Despite elaborate surface treatment of all individual parts and careful lubrication with resin-free, synthetic oils and greases, every mechanical watch is subject to wear. A regular overhaul by our service watchmakers ensures that your Lange watch functions as perfectly as on the first day over the long term.
Our service covers three areas: overhaul of the movement, refurbishment of the case and replacement of the leather strap or refurbishment of the precious-metal bracelet. The costs for service depend on the degree of complication of the watch and other necessary work steps. You can view sample prices for service performed in our manufactory here.
If malfunctions occur due to external influences such as impact or penetration of water, these are rectified as part of a repair. Severe damage can also be dealt with through repair or replacing parts. An individual cost estimate is created for this.
REPAIR OF HISTORIC A. LANGE & SÖHNE WATCHES
We offer a service of repairing historic Lange watches in our manufactory. Should you own a Lange watch and wish to have it repaired, please contact the service department by sending an e-mail to firstname.lastname@example.org.
Please understand that we cannot repair pocket watches from other manufactories.
CERTIFICATE FOR HISTORIC A. LANGE & SÖHNE WATCHES
If you require detailed information about your historic Lange watch, please contact the German Watch Museum Glashütte. The foundation is in possesion of all historic company documents of A. Lange & Söhne. You will receive an official certificate of origin as well as copies of all sales documents:
1. DISASSEMBLY AND CLEANING
The movement is stripped first of all. This means that the case and movement are separated from each other and the hands and dial are removed. All damage is thoroughly documented. The parts of the case are then thoroughly degreased and cleaned with special liquids.
2. LUG CORRECTION
Hard impact on the case, such as when the watch falls to the floor, may lead to the lugs becoming bent. When the case is refurbished, the lugs are returned to perfect alignment in order to reliably hold the strap and the entire watch once again. Even lugs which have broken off can be restored.
3. REPAIRING SCRATCHES AND NOTCHES (LASER WELDING)
One of the most important techniques in visually treating a watch case is laser welding. Deep scratches or notches can be filled with the original material instead of the case being polished to the deepest point of the notch. To do this, a 0.1 mm wire made from precious metal is melted onto the damaged area using a laser beam.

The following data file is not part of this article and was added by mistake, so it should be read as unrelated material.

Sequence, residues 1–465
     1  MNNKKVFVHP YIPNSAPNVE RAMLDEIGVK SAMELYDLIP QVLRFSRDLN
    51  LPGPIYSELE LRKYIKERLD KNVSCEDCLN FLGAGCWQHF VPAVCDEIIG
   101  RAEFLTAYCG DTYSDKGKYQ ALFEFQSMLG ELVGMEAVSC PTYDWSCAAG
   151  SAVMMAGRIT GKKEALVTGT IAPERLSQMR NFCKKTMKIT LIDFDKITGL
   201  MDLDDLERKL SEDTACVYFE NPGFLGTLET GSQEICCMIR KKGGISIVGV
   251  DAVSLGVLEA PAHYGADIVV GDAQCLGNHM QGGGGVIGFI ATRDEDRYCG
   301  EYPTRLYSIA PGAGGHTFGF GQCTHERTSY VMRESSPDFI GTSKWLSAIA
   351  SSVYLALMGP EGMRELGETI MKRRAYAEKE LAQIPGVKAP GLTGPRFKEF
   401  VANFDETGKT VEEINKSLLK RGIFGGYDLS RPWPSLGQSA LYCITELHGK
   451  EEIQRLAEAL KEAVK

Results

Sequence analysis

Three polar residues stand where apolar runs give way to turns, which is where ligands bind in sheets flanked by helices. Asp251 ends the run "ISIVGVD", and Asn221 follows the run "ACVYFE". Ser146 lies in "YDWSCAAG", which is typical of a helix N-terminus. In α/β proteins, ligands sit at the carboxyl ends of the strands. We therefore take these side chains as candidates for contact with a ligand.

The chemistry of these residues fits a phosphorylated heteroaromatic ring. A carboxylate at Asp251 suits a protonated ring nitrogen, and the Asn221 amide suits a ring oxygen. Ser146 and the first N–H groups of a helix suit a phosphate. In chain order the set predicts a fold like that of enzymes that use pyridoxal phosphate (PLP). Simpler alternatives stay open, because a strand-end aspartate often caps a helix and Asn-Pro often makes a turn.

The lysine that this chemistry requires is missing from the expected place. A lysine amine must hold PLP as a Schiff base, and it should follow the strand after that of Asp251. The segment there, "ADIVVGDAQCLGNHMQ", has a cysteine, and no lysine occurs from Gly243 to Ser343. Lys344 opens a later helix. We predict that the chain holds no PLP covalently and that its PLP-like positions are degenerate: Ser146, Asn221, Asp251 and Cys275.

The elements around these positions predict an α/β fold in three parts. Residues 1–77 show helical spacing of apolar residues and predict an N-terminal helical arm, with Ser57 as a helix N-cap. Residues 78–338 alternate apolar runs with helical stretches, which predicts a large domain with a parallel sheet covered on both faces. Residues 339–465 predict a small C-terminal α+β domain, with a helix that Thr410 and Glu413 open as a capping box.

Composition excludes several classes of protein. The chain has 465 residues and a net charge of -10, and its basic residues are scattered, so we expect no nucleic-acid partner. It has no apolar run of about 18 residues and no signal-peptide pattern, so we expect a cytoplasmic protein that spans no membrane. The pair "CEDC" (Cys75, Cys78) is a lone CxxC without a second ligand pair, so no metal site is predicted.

Excess material at the laser points is ground flat and smoothed. All damaged areas are processed so that nothing can be seen after polishing. Thus the case is preserved in its original condition and can be repaired in this way many more times.
To seal the surfaces, they are treated with a rotating brush and a fine polishing paste. To return the parts of the case to their original appearance, there is another round of polishing with a wool wheel and polishing paste. Gradually, the required sheen is achieved.
The refurbishment of the case also includes the lugs and push pieces as well as the crown and buckle. All surfaces are polished carefully by hand in several work steps. For polishing, we use the finest paper and brushes made from goats’ hair or wool.
5. CLEANING AND ASSEMBLY
Once all damage has been dealt with, the individual parts of the case are cleaned and dried before the watch is put back together. All seals are also renewed. The final inspection then takes place.
1. DISASSEMBLY AND CLEANING
Once the watch is uncased, the movement and case are separated and the dial and hand are removed, the movement is disassembled into its individual parts. The parts are then thoroughly degreased and cleaned with special liquids.
2. INSPECTION AND REFURBISHMENT
The individual movement parts are now carefully scrutinised. Depending on the model, the watchmakers may have to examine several hundreds of parts, which are replaced if they exhibit even the slightest damage or sign of wear.
3. ASSEMBLY AND LUBRICATION
The movement is then reassembled with great care. The bearings and functional surfaces are lubricated with the oil dispenser, a tiny metal needle along which a droplet of oil can glide. Different oils and greases are used to do this. They are applied to the respective defined oil point in precise quantities. This allows your watch to continue running smoothly for many years to come.
Once the rate accuracy of the watch has been checked with a timing apparatus, it is adjusted in five different positions. With minimal shifts of weight, the balance is poised and the duration of its oscillations is gradually optimised to guarantee maximum rate accuracy.
5. NEW SEALS
All seals are renewed to prevent the penetration of water and dirt. This affects both the glass seals on the bezel and base glass as well as case seals on the middle section, the crown and all push pieces.
6. TEST AND FINAL INSPECTION
All mechanisms on the fully assembled movement are checked to ensure they are functioning perfectly. This is followed by a several-day bedding-in phase on a watch winder and a power-reserve inspection.
The reassembly of the movement and case is followed by a second several-day test phase. In the stringent final inspection of the watch, alongside the visual refurbishment, it is examined for water resistance, functions and rate accuracy one last time.